Is your WiFi not working as well as it used to?
In this tutorial, you’ll learn how to fix slow WiFi and other WiFi problems which are often caused by signal interference. First, we’ll measure the signal interference, change our WiFi channel, and if necessary, adjust the transmit power. Changing WiFi channels can reduce the amount of channel noise, increase range and stabilize connectivity. Increasing the transmit power can strengthen your broadcast.
NOTE: If you are not running Tomato firmware on your router, you can still benefit from the principals found below, providing of course that your router offers the features we are discussing.
Make sure that your WiFi antenna’s are clear of obstructions and centrally located away from large metal objects. Then, make sure all antennas are pointed correctly to ensure proper signal polarization. You can learn more about WiFi antennas here.
First, we need to establish a baseline and essentially calibrate the noise floor of the frequency band we’ll be working with. We’ll assume that you are working with a 2.4GHz wireless signal. However, the fundamentals are the same for 5GHz, only the channels are different. Since I have a dual band router, I can check the noise floor for both/either bands.
Step 1. Measure Interference and calibrate the noise floor
Login to your Tomato admin panel
- Navigate to Status > Device List
- For 2.4GHz, click on the “Measure” button on the right of “Noise Floor (eth1)”
- For 5.0GHz, click on the “Measure” button on the right of “Noise Floor (eth2)”
As you can see, after clicking “Measure”, the noise floor for the 2.4GHz band was established at -86 dBm.
Step 2. Choose a WiFi channel that is less congested
If your WiFi is not working well, it is most likely due to channel interference. And the best way to find out is by performing a site survey.
In your Tomato web admin panel, navigate to Tools > Wireless Survey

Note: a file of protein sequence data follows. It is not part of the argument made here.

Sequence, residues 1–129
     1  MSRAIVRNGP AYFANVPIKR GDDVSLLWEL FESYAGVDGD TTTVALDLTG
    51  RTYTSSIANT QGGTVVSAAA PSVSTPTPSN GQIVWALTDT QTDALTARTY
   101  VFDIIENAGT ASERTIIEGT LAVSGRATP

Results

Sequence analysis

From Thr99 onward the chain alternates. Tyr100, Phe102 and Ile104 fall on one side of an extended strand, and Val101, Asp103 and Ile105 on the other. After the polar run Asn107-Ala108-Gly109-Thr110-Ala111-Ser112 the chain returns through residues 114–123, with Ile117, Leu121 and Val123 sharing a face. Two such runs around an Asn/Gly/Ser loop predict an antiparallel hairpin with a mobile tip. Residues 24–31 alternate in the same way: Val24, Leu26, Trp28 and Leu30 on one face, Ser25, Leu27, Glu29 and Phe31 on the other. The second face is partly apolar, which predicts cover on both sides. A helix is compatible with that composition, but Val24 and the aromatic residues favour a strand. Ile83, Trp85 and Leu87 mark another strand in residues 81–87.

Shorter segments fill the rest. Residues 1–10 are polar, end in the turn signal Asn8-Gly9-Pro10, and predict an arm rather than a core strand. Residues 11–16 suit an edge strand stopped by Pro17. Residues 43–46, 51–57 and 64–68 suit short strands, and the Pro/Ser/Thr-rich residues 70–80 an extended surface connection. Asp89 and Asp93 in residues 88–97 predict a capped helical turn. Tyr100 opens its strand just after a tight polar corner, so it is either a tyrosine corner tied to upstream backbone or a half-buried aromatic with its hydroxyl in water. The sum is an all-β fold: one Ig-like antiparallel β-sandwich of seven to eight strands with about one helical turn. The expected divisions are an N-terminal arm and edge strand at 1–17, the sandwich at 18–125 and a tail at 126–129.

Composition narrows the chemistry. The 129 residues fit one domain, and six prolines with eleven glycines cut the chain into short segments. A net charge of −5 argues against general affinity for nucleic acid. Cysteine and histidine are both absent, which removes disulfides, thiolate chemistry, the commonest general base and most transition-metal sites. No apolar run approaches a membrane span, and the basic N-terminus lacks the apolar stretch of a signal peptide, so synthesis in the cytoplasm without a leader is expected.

- Click on the Refresh button
- Sort the list by channel by clicking on the table header labeled “Ch”
- Try to locate an unused channel (preferably channel 1, 6, 11)
If you are unable to locate an unused WiFi channel, the idea is to find one with the least interference. Choose a channel whereby most of the RSSI is in the range of -90 to -80 dBm. RSSI stands for “Received Signal Strength Indication.” The more negative that number is, the better. For example: -80dBm is weaker than -60dBm.
You want to broadcast where the weakest signal is. Once you’ve determined the best channel with the least amount of noise, you can improve the wireless signal by manually selecting the channel and channel width.
Step 3. Select the WiFI channel and channel width
Navigate to: Basic > Network
I’m going to use channel 11. For one thing there are less people using this channel. Secondly, channel 11 has a RSSI over -80dBm which should not interfere with my network. I’m also going to use a 20MHz channel width for now. If this channel proves to give me a solid dependable connection, then I may consider using the 40MHz channel width to increase bandwidth.
Ok, now that we have selected the best channel possible, we may be able to further decrease signal attenuation (loss) by increasing the transmit power. Signal attenuation is the loss of signal due to obstacles, noise, distance, etc.
IMPORTANT: How much you can increase the transmit power depends on the hardware in your router. Do NOT exceed your hardware limitations. Increasing the transmit power requires that you increase the voltage to the radio transmitter. More volts = more heat, and too much heat can burn up your router.
In my case, I’m using an Asus RT-N66U router. The Tomato firmware allows a maximum setting of 250mW transmit power. (A milliwatt is equal to one thousandth of a watt.) However, just because the firmware can handle a setting of up to 250mW, doesn’t mean it should be maxed out. Understand that increasing the wireless transmit power causes more radio noise.
In fact, upon installing the Tomato firmware and clearing the NVRAM, this router has a default setting of 42mW which is fine just the way it is. I can safely bump that up to 60mW and experience a dependable 2.4GHz wireless broadcast. Here’s how to do it:
Log into your Tomato admin panel:
Navigate to: Advanced > Wireless
Manually change the “Transmit Power” to an acceptable level for your device. On most ASUS and Linksys routers, you should be fine up to 150mW but 70mW or less will keep you on the safe side. If you have a dual band router with both 2.4GHz and 5GHz, you’ll have two radio transmitters, and a setting for each band.
Please do your own research! If you are using custom firmware, you can learn much more about transmit power from the resources below:
Some people argue that the benefits of increasing the transmit power are nulled by the additional noise that it creates. Think of it like turning up the volume on a stereo. Just because the sound is “loud” doesn’t mean that the sound is clear. As a result, many people prefer to leave their transmit power alone and instead, buy an aftermarket antenna. In any case, measuring the noise floor and changing the channel to one with less interference can often fix slow WiFi and other WiFi problems.